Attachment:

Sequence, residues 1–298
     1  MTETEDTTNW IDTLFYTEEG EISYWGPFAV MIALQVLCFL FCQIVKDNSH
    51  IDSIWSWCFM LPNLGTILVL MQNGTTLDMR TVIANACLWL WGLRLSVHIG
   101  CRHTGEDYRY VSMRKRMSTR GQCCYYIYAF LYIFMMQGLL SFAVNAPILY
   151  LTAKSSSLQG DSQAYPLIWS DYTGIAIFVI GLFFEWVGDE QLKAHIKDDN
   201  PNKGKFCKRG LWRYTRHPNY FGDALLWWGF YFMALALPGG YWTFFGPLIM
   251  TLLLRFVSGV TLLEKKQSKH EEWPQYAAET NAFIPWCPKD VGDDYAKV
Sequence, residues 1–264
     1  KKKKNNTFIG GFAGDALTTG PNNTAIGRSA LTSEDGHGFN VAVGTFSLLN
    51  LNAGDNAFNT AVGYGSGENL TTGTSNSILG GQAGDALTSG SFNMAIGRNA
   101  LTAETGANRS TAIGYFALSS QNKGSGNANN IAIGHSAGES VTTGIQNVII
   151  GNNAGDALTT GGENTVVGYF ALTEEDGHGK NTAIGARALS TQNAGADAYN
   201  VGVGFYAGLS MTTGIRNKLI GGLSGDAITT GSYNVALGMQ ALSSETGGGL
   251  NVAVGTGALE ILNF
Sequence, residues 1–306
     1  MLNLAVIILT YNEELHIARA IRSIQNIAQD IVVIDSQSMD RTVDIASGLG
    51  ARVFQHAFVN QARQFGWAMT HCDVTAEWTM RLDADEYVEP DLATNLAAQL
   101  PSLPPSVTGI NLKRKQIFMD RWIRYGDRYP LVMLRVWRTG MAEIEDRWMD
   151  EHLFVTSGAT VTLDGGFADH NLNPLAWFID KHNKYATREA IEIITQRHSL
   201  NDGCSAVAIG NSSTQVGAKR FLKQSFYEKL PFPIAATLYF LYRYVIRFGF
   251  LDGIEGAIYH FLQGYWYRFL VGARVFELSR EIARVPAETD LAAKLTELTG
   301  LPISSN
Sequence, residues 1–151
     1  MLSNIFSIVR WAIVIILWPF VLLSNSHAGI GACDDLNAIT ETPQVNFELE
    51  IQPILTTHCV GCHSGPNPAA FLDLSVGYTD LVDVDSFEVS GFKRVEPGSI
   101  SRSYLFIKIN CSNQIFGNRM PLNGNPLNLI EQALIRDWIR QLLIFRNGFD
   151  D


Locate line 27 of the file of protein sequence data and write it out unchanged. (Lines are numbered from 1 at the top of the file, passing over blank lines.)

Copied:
   151  D